We, the members of SPACE International, object in the strongest possible terms to the position of Amnesty International (AI) on the issue of prostitution. Their recently released policy document*, which contends that the exploitation of prostitution is a matter of autonomy and choice, is deserving of nothing less than our public condemnation as a betrayal of women’s rights. Further, it is a policy position that can only be taken if one is willing to ignore the realities of how women and girls end up in prostitution in the first place. Prostitution is a trade that thrives on the distinct lack of autonomy and choice and for Amnesty International to refer to it as ‘freely chosen gainful work’ is to explicitly ignore that nothing about commercial sexual exploitation is freely chosen.
We object in every way to the message and tone of this document, beginning with its title which, by framing prostitution as ‘Sex Work’, obscures the very nature of prostitution itself. Prostitution is abusive and exploitative sexual violence against humans, most often women and girls, carried out by other humans, usually grown men, who are in positions of relative social, racial and financial privilege to the human beings whom they buy for sexual use and abuse.
For arguments sake, a small minority of the worlds prostituted population might be said to be choosing it; however the vast majority of those in prostitution are there as a function of lack of choice. Public policy is made to respond to what is happening to the vast majority, not a minute minority. Everywhere on earth those who endure prostitution are found, in staggering numbers, to be the economically disenfranchised, the educationally disadvantaged, the emotionally vulnerable, the sexually abused, the racially marginalised and the socially dispossessed. In the face of this globally recognised fact, Amnesty International has clearly taken a position that contradicts their own mission as a charity concerned with human rights.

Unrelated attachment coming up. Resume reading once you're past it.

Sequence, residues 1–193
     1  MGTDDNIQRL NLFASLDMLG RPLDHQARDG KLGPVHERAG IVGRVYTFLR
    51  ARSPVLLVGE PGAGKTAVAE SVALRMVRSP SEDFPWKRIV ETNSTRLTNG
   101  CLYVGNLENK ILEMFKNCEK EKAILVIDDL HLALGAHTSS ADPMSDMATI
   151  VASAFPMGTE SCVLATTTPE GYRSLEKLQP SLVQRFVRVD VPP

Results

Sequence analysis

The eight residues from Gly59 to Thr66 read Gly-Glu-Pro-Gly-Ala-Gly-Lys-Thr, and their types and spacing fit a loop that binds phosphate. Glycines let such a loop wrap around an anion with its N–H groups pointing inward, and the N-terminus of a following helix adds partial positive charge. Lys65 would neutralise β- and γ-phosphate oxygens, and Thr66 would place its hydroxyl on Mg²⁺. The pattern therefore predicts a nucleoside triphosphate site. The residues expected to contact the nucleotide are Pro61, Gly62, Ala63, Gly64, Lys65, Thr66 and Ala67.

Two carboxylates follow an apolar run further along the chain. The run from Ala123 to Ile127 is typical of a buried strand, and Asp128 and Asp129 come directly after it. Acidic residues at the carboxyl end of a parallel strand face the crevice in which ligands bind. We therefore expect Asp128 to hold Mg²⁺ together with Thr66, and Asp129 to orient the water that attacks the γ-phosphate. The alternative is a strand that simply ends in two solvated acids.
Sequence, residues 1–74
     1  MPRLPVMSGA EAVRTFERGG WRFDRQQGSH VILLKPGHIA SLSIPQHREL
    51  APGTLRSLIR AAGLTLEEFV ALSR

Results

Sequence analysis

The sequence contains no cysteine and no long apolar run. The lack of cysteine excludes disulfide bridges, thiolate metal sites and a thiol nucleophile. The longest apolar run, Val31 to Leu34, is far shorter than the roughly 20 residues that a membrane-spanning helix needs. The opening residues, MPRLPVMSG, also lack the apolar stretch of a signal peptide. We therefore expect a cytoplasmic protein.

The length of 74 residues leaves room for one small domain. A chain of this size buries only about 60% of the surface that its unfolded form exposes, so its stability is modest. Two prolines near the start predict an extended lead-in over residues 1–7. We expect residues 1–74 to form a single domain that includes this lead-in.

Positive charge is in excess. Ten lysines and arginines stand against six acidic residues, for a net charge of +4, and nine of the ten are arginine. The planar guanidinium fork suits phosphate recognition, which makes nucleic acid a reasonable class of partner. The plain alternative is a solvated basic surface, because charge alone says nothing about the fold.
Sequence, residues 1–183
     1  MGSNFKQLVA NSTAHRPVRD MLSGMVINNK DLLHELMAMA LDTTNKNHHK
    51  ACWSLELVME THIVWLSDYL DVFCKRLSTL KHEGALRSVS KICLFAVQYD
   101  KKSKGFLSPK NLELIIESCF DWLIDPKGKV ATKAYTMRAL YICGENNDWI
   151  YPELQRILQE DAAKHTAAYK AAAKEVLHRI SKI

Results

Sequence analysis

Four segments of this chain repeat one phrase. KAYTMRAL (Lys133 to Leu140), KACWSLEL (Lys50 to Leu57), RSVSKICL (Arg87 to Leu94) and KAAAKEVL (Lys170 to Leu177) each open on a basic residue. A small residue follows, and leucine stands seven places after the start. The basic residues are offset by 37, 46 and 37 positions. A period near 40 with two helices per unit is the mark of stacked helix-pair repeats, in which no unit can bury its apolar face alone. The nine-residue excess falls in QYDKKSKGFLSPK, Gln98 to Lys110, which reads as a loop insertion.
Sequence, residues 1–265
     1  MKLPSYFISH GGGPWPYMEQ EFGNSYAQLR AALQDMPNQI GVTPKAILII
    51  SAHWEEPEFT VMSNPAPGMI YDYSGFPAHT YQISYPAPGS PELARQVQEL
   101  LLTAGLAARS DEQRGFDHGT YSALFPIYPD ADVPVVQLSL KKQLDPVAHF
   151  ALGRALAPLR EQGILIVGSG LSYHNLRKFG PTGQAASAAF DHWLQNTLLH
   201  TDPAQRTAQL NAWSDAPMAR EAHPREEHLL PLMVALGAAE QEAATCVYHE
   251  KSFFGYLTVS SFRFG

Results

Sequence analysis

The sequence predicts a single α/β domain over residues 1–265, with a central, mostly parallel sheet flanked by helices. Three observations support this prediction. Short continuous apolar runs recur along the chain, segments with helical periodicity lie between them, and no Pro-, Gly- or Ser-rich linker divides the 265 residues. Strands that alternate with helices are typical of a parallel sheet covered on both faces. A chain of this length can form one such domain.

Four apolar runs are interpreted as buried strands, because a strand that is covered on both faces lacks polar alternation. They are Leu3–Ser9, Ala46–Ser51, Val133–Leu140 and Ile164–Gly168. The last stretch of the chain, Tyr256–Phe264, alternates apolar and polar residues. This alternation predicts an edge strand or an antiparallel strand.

AI’s position directly contravenes long established human rights conventions. It is at odds with several key UN instruments including the 1949 Convention for the Suppression of the Traffic in Persons and of the Prostitution of Others, which holds that prostitution is ‘incompatible with the dignity and worth of the human being’. The 1979 Convention on the Elimination of Forms of Discrimination Against Women (CEDAW) Article 6 articulates a similar position. The 2000 UN Protocol to Prevent, Suppress and Punish Trafficking in Persons similarly views prostitution as trafficking when it occurs under certain circumstances. This Protocol also discourages the demand for commercial sexual exploitation.
AI’s position supporting ‘the world’s oldest oppression’ ¹ places the long-standing human rights organization in alignment with some of the most brutal and violent forces known, organised criminal networks that carry out the hugely profitable business of selling human beings for sex, rather than with their victims, whose human rights are being ignored and denied. AI’s position in fact not only condones but compounds the injustice of prostitution by championing punters ‘right to buy sex’ in this bizarre and inverted document. We would advise the membership of Amnesty International to take a hard look at the pro-prostitution stance currently besmirching the reputation of Amnesty International and all those associated with it.
* ‘Decriminalisation of Sex Work: Policy Background Document’
¹ Norma Ramos, Addressing Domestic Human Trafficking, 6 U. St. Thomas 2008